The Champagne Piña Colada is one of those cocktails that’s so unimaginably delicious, it makes you want to kick yourself in the shin for not thinking of it first. There were 63 years in between the creation of the Caribe Hilton’s Piña Colada (the modern classic as we know it, created in 1954), and one London bar that decided to augment the tropical mixture of pineapple, coconut cream, lime and rum with some bubbly. But aside from wishing to have engineered this modern masterpiece myself, we should just all be grateful that it exists.

The story of Champagne Piña Colada

“Everyone loves a Piña Colada,” says Andrei Marcu, bar manager at Coupette in London, the unlikely birthplace of the Champagne Piña Colada, “it is probably one of the most famous drinks of all time. When you add Champagne to the mix, which adds a note of elegance, it’s bound to be a hit with guests.”

 

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Regardless of whether it’s Winter or Summer time, Marcu says that the bubbly-laced Piña Colada is always one of the bar’s best-selling cocktails — a testament to its irresistibility. It’s somewhat counterintuitive to think that a frozen cocktail would sell even during the coldest time of the year, but the dose of Champagne has seemingly broken the classic Piña Colada free from the shackles of tiki bars and tropical resorts where it seems to have exclusively existed for decades.

“It hits a remarkable zeitgeist that transcends previous social or regional boundaries,” says Jim Wrigley, beverage manager at the Kimpton Seafire Resort + Spa, Grand Cayman, a destination that boasts its own Champagne Piña Colada-style cocktail called the Escape (If You Like Piña Coladas), which is served like a Ramos Gin Fizz in a Champagne flute rather than frozen like the classic. “Piña Coladas are fun and delicious; Champagne is delicious and classy; cocktails are interesting and newly accessible both in terms of ingredients and information on techniques. The massive popularity of the Champagne Piña Colada is a result of the adult drinker rediscovering their inner early drinker, without fear of stigma or derision.”

 

It’s a concept we’re seeing manifest at many of the world’s renowned cocktail bars: a return to familiar classics, but with a modern twist. The 1980s neon-green Midori Sour has been given a facelift in recent years by the likes of New York’s award-winning Japanese-American cocktail bar Katana Kitten; Hacha Agaveria in London is known for its translucent, fresh citrus-free Mirror Margarita, a cocktail ranked the 7th best in the world, according to Timeout in 2019; British pub-inspired The Cambridge Public House in Paris rotates a seasonal Pimm’s Cup onto every menu they release; and bars such as Super Lyan in Amsterdam have an entire menu dedicated to reimagined versions of classic cocktails from The Savoy Cocktail Book, including an elevated Harvey Wallbanger, Mary Pickford, and White Lady.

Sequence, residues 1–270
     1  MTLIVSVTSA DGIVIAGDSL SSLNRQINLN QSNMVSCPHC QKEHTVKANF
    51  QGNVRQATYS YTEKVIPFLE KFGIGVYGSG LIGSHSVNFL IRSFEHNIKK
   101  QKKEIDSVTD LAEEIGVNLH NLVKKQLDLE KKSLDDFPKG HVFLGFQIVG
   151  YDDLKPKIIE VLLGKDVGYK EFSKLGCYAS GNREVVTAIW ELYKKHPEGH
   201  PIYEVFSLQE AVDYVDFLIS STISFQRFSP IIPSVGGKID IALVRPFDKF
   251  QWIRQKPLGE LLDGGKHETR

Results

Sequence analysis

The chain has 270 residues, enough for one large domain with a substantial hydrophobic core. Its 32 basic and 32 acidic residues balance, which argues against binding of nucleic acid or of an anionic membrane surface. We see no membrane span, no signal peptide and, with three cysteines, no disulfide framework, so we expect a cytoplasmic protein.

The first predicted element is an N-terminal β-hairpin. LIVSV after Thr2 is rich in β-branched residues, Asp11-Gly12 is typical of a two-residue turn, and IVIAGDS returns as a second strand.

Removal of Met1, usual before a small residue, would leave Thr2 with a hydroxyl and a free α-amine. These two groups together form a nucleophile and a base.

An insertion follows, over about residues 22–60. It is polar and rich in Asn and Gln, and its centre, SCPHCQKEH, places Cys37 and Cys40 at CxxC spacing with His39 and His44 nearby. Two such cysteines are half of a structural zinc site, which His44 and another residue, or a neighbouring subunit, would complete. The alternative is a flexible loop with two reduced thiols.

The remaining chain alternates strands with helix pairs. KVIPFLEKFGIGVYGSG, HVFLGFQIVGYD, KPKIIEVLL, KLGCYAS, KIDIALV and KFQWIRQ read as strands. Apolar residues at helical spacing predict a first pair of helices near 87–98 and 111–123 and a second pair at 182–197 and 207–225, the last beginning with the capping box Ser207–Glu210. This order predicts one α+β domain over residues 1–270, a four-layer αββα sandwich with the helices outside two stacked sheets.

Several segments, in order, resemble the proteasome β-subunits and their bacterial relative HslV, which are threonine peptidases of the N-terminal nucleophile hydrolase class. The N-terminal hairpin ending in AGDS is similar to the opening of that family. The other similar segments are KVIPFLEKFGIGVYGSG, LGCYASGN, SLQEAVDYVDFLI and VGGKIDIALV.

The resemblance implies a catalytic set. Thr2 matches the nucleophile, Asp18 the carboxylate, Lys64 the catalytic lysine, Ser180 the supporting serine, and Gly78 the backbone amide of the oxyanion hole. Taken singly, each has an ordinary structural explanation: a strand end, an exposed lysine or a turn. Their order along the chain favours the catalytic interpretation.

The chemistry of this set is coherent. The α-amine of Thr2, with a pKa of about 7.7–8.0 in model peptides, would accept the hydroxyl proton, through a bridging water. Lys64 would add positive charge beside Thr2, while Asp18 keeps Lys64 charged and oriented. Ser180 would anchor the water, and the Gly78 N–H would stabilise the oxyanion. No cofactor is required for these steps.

Cocktail enthusiasts are seeking drinks that conjure feelings of nostalgia and comfort, and even escapism — it’s a significant reason why the Champagne Piña Colada is taking the cocktail world by storm (with the necessary help of Coupette marketing the cocktail by bringing it to bars around the world anytime they do a bar takeover, of course).

Beyond how the cocktail makes you feel, let’s not forget its brilliance from a flavour perspective. The balance of premium rum(s) with a nutty, non-lactic creaminess from the coconut that is lifted by the freshness of the lime juice and tropical pineapple is sublime in and of itself; when you add the notes of brioche and citrus-like acidity from the Champagne, there are few cocktails that rival such deliciousness — making it a genuine crowd-pleaser.

At the Kimpton Seafire Resort + Spa in Grand Cayman where the non-frozen take on the Champagne Piña Colada sits on its rightful throne, Wrigley says that the blend of ingredients converts even the most doubtful drinkers. “Even people who have said they don’t like Piña Coladas have made the Escape (IYLPC) their opening gambit on every visit after trying their friend’s or partner’s,” he points out. Personally, I can attest to drinking at least seven of them over the course of the few days that I spent drinking in Grand Cayman in the Fall of 2019; and anyone who sat near me at the bar fell victim to listening to me wax poetic about the cocktail’s unparalleled delectability. (It’s safe to say, I also successfully converted a few doubters myself.)

As a foodie or cocktail enthusiast visiting London, going to Coupette to experience this modern classic should be right up there on your list of must-have experiences (I mean…it’s basically as elegant as Buckingham Palace, except it also gets you buzzed, so it’s arguably better). And even though Marcu says that the bar will move onto more conceptual menus in the future, they still plan to include old favourites in their new menus, including the Champagne Piña Colada which made its first appearance in 2017.

“So don’t you worry,” Marcu says, “we will not get rid of it.”

This story first appeared on www.foodandwine.com

(Main and Feature Image Credit: Rhian Campbell)

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